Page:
A while ago, good advice for choosing an HDMI cable was quite simple: buy an HDMI cable. Nowadays? Not much. Whether you’re building a next-generation gaming console or building a large entertainment system, if HDMI is involved, you should know that the game has changed.

If you’ve already discovered that something is wrong with your new device when you’re having trouble getting picture or sound, then you’ve definitely come to the right place.

I’m about to explain a little bit about why your new technology might not work and how to avoid having this problem in the first place.

The old HDMI standard

My advice to people looking in the recent past HDMI related guide the cables were quite simple. Up to 15 feet long, your bread and butter HDMI cable is almost guaranteed to work well. You’ll probably still be safe at 25 feet. But you’ll want to look at cable longer than that and at least a lower gauge—note that the lower the gauge number, the thicker the copper in the cable.

Basically, the longer your HDMI cable is, the more it should look like a fire hose, as opposed to, say, a drinking straw. Or you can switch to a different type of cable – but we’ll talk a little more about that below. Additionally, you wanted to do everything you could to make sure you had good build quality and a solid connector on each end. And then there were bonuses like high flexibility for easier cable management, or maybe a color you like better than black.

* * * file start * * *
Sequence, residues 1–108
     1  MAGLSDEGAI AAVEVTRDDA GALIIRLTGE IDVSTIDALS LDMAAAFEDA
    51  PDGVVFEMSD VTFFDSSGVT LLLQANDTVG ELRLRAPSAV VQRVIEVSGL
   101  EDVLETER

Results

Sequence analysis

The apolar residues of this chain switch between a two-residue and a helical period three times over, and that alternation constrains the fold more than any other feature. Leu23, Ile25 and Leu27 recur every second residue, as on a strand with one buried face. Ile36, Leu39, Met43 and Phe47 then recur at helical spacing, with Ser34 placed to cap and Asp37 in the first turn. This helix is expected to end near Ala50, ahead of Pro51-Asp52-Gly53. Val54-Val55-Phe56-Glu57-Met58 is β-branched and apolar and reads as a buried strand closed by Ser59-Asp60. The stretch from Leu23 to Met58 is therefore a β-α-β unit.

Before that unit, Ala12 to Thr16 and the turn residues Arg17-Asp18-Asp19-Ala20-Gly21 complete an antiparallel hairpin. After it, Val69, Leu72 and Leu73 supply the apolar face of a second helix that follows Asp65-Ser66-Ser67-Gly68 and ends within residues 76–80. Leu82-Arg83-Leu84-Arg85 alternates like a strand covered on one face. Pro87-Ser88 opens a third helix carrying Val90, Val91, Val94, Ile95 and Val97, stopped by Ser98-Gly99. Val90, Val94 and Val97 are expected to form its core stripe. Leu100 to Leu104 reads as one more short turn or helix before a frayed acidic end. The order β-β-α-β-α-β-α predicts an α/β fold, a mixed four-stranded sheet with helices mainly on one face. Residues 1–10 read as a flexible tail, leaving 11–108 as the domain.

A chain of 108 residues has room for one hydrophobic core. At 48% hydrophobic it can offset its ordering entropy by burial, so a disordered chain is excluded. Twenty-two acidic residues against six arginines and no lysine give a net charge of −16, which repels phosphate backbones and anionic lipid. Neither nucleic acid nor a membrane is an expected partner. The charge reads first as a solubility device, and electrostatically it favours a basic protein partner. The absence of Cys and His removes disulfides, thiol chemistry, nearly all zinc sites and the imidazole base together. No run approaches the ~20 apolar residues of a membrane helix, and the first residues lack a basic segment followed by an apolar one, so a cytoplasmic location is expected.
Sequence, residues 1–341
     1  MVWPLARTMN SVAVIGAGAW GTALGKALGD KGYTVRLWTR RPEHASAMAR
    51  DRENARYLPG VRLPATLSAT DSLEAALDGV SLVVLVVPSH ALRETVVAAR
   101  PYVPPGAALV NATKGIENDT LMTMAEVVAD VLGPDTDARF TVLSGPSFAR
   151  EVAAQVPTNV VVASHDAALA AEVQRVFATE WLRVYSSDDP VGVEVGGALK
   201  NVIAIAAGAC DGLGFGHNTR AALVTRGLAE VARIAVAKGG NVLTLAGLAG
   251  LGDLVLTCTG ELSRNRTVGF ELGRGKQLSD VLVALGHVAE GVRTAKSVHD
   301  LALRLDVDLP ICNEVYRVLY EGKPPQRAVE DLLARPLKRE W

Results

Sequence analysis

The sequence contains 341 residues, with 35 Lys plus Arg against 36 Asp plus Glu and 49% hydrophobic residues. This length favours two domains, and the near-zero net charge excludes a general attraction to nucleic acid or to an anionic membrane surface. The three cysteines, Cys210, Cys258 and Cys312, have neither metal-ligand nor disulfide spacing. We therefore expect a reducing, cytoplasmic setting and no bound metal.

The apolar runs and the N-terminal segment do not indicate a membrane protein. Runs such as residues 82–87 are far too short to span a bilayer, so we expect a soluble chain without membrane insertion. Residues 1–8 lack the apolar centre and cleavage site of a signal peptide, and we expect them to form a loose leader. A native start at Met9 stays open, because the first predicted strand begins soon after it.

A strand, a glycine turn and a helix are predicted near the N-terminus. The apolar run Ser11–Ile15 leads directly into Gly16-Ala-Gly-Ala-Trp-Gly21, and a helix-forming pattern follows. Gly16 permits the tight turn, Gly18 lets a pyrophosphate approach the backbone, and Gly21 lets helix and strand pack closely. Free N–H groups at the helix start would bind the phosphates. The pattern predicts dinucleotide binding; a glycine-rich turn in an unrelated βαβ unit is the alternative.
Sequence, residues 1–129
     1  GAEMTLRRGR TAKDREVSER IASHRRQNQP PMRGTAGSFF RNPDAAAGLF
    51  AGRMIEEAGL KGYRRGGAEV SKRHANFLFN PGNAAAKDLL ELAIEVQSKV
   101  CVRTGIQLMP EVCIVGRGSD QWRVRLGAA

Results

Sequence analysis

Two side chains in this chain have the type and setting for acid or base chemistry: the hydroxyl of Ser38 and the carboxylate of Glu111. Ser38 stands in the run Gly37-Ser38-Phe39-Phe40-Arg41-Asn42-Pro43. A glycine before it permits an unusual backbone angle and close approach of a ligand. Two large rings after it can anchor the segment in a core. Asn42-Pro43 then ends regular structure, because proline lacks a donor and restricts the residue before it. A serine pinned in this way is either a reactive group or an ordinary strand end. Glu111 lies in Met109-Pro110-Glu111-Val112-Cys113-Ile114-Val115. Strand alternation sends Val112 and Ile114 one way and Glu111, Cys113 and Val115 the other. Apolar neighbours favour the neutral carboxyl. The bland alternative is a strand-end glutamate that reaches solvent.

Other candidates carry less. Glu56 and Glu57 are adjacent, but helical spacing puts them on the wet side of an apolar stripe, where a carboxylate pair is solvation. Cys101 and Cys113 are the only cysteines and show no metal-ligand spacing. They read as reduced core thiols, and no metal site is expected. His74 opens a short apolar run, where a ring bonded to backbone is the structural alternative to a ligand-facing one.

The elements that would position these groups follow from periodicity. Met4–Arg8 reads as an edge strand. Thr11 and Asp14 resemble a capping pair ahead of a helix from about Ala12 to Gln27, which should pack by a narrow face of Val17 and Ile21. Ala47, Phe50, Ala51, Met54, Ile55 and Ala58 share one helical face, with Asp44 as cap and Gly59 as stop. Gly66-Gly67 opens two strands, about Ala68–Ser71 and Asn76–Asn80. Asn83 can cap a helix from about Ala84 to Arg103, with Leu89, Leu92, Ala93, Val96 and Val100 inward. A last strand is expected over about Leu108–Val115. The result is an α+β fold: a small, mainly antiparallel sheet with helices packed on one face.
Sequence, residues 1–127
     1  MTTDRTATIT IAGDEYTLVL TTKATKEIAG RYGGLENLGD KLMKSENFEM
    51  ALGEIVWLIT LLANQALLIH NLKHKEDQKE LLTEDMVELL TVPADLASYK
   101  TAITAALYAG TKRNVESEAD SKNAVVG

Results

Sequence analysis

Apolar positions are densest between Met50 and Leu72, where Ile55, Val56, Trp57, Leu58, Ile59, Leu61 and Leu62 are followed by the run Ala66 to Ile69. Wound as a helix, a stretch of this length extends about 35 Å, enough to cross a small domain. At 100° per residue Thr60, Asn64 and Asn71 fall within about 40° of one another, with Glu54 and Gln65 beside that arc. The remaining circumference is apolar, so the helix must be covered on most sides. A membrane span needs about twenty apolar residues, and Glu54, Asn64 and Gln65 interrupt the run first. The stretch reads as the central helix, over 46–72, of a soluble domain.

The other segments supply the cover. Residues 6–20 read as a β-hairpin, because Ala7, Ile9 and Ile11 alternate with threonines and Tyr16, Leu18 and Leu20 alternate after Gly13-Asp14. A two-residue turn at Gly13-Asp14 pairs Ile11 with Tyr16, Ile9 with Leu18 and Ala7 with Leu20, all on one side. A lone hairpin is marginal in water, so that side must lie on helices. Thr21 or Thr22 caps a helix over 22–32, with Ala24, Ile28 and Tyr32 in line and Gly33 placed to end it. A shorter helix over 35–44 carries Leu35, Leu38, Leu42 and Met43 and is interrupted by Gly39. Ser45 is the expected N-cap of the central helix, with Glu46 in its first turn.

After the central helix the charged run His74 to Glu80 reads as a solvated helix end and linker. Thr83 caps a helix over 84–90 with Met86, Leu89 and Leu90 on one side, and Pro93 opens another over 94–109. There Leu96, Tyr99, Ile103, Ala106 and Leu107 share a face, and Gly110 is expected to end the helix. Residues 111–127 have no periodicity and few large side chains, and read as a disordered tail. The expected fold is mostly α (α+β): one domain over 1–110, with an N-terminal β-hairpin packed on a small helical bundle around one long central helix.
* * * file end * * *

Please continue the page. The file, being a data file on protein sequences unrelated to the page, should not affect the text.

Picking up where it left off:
HDMI cables in red, blue and orange colors

I was perfect for going with most people for a long time Amazon Basics type cable for the most practical home consumer use. As long as the cable wasn’t complete garbage, it usually did the job. The ones and zeroes will go from point A to point B and you will get picture and sound. If you’re willing to spend crazy bucks on a high-end cable in hopes of getting slightly better video and audio quality, knock yourself out.

Now everything is different. In the world of HDMI 2.1 – or, more precisely, in a world where new HDMI cables can handle 40-48 gigabits of bandwidth per second (which is much higher than the 18Gbps standard we used to get), all bets are off. Well, not all, but enough to cause some problems.

Today, if you buy a cable that’s 2 to 3 meters (about 6 to 9 feet) long and needs to run up to 48Gbps, the chances are pretty good that whatever brand of cable you buy will work. At lengths longer than that (and actually shorter than that) you’re more likely to run into some problems.

HDMI 2.1: what’s changed